Soluble Epoxide Hydrolase: A Novel Target for the Treatment of Hypertension
Epoxide hydrolases are a group of enzymes that convert the epoxide group of chemical compounds to corresponding diols by the addition of water. Soluble epoxide hydrolase (sEH, formerly referred to as cytosolic epoxide hydrolase), which is widely distributed in mammalian tissues, is the primary enzyme responsible for the conversion of epoxyeicosatrienoic acids (EETs), the bioactive lipid mediators formed from arachidonic acid by cytochrome P450 epoxygenase, to their corresponding diols. EETs, but not their diols, are endogenous anti-hypertensive eicosanoids. Disruption of the sEH gene in male mice decreases blood pressure, and inhibition of sEH decreases blood pressure in several experimental hypertensive models. Potent selective sEH inhibitors have been developed, and these sEH inhibitors have potential to become a novel class of anti-hypertensive drug.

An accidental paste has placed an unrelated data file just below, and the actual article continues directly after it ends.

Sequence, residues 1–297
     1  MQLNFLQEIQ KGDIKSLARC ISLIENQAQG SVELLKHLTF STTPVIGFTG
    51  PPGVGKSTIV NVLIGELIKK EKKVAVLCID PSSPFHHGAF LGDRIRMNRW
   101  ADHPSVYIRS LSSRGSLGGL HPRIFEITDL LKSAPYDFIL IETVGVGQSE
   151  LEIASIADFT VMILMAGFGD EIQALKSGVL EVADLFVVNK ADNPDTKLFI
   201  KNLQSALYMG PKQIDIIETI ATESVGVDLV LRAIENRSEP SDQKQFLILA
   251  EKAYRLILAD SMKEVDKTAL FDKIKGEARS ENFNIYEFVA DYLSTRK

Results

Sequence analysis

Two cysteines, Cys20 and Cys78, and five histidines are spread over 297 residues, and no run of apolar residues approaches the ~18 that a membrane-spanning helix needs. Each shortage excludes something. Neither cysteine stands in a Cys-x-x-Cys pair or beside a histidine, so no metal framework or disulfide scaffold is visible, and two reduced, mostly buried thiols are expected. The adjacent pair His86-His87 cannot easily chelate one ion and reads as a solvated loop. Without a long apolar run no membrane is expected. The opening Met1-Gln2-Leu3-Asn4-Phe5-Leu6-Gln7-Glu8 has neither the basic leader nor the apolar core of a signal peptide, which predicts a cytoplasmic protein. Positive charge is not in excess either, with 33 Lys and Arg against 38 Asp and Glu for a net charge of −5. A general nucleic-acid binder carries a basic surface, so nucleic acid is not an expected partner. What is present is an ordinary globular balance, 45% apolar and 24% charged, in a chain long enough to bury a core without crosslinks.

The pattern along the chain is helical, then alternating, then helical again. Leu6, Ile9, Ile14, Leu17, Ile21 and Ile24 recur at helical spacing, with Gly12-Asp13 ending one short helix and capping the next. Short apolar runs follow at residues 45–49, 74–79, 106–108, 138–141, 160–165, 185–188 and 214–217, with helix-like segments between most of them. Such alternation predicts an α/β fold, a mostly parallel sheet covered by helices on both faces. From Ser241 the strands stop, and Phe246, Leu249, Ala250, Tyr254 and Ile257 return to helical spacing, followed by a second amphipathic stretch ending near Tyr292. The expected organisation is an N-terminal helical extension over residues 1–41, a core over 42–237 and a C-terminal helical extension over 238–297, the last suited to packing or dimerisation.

Keywords: Soluble epoxide hydrolase, inhibitors, arachidonic acid, cytochrome P450, epoxyeicosatrienoic acids, hypertension, vascular tone
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